The first requisite of style is choice of words, and this comes under the head of Diction, the property of style which has reference to the words and phrases used in speaking and writing. The secret of literary skill from any standpoint consist... Read more of DICTION at Speaking Writing.comInformational Site Network Informational
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The Double-period
Distinction Between Bipartite And Tripartite Forms
Lesson 4
Causes
The Sonatine Form
The Exposition
The Recapitulation
T The Second Rondo Form
The Necessity Of Form In Music
The Third Rondo Form


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The Exposition
The Recapitulation
Causes
Classification Of The Larger Forms
Modified Repetitions
Lesson 14
Lesson 16
2 Abbreviation Of The Regular Form
Exceptions
Cadences In General


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The Sonatine Form
Enlargement By Repetition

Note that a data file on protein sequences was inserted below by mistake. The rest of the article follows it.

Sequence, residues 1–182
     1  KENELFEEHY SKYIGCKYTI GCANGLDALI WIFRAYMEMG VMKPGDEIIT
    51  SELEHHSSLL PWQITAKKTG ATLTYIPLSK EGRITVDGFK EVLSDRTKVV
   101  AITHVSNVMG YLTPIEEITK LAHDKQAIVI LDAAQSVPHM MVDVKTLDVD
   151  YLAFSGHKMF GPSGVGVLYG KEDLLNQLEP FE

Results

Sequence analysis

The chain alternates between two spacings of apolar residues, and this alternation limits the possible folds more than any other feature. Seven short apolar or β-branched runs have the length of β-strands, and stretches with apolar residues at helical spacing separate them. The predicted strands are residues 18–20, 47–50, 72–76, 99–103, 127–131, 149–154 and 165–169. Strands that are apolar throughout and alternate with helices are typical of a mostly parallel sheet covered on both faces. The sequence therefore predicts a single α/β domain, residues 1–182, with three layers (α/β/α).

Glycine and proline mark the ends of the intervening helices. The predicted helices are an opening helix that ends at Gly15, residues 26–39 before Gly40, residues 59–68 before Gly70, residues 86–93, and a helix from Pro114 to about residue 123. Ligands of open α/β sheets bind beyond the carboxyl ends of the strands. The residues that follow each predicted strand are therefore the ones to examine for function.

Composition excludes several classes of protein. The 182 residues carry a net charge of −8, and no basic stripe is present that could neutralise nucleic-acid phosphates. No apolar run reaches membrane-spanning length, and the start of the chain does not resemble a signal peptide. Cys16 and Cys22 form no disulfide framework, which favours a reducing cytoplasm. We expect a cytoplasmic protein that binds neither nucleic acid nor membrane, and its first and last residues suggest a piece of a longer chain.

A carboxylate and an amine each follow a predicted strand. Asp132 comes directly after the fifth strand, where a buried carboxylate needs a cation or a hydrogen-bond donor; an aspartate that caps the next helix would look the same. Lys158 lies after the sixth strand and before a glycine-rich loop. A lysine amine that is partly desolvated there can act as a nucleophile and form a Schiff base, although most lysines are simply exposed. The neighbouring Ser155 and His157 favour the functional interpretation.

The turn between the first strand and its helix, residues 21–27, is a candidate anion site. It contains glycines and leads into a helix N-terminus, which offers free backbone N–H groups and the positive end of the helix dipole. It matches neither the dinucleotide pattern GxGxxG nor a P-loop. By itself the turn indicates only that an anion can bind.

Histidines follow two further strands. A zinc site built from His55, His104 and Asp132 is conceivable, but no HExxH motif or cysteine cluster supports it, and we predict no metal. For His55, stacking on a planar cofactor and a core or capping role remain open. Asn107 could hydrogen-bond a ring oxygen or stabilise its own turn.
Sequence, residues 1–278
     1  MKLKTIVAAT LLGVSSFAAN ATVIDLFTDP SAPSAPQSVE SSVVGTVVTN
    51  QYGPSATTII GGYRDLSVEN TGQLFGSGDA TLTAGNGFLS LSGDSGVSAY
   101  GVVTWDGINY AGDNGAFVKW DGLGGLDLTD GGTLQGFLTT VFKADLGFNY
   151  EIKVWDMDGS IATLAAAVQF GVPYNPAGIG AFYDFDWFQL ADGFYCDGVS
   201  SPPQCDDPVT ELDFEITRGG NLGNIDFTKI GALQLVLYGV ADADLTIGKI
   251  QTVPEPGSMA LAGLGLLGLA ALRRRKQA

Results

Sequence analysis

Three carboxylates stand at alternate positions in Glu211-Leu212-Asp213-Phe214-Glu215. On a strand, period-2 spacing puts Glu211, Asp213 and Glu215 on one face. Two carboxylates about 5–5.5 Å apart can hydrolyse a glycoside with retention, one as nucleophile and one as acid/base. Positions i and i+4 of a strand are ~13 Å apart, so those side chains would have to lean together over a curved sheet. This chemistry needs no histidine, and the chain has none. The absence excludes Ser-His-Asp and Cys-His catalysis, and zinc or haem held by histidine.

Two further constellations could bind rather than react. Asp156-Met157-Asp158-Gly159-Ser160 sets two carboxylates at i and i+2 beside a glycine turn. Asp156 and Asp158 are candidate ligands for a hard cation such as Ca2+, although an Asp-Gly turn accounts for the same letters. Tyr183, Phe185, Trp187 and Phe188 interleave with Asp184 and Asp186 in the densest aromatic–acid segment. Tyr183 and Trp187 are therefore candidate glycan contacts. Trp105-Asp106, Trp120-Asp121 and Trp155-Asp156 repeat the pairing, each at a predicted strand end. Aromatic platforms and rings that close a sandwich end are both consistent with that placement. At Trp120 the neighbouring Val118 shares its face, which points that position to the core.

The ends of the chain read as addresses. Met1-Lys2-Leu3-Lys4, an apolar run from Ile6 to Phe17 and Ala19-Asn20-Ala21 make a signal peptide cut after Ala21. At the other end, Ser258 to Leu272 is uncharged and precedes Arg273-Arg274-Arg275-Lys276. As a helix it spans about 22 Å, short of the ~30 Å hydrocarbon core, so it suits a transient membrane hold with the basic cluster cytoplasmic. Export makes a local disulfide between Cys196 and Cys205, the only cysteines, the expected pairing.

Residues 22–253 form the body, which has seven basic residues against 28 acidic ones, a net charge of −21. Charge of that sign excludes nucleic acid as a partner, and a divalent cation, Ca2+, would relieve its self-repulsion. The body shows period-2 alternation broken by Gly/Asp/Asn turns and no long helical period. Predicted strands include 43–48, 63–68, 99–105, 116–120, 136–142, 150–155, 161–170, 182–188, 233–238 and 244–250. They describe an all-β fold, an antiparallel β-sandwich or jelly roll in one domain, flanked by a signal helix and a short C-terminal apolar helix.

Tempo
The Second Part
Beats
The First Rondo-form
The Parts
Species Of Cadence
Dissolution
Distinction Between Bipartite And Tripartite Forms



Afterword





The expression Musical Forms is often used, somewhat carelessly and
erroneously, with reference to Styles or Species of composition,
instead of to the structural design upon which the music is based. The
Barcarolle, Mazurka, ?tude, Anthem, and so forth, are styles
of composition, and not necessarily identified with any of the
structural designs we have been examining. Read, again, our
FOREWORD. The general conditions which enter into the distinctions of
style are enumerated in my Homophonic Forms, paragraph 97, which
the student is earnestly advised to read. As to the manifold styles
themselves, with which the present book is not directly concerned, the
student is referred to Ernst Pauer's Musical Forms, and to the music
dictionaries of Grove, Baker, Riemann, and other standard writers,
where a description of each style or species of composition may be
found.






Previous: Lesson 19



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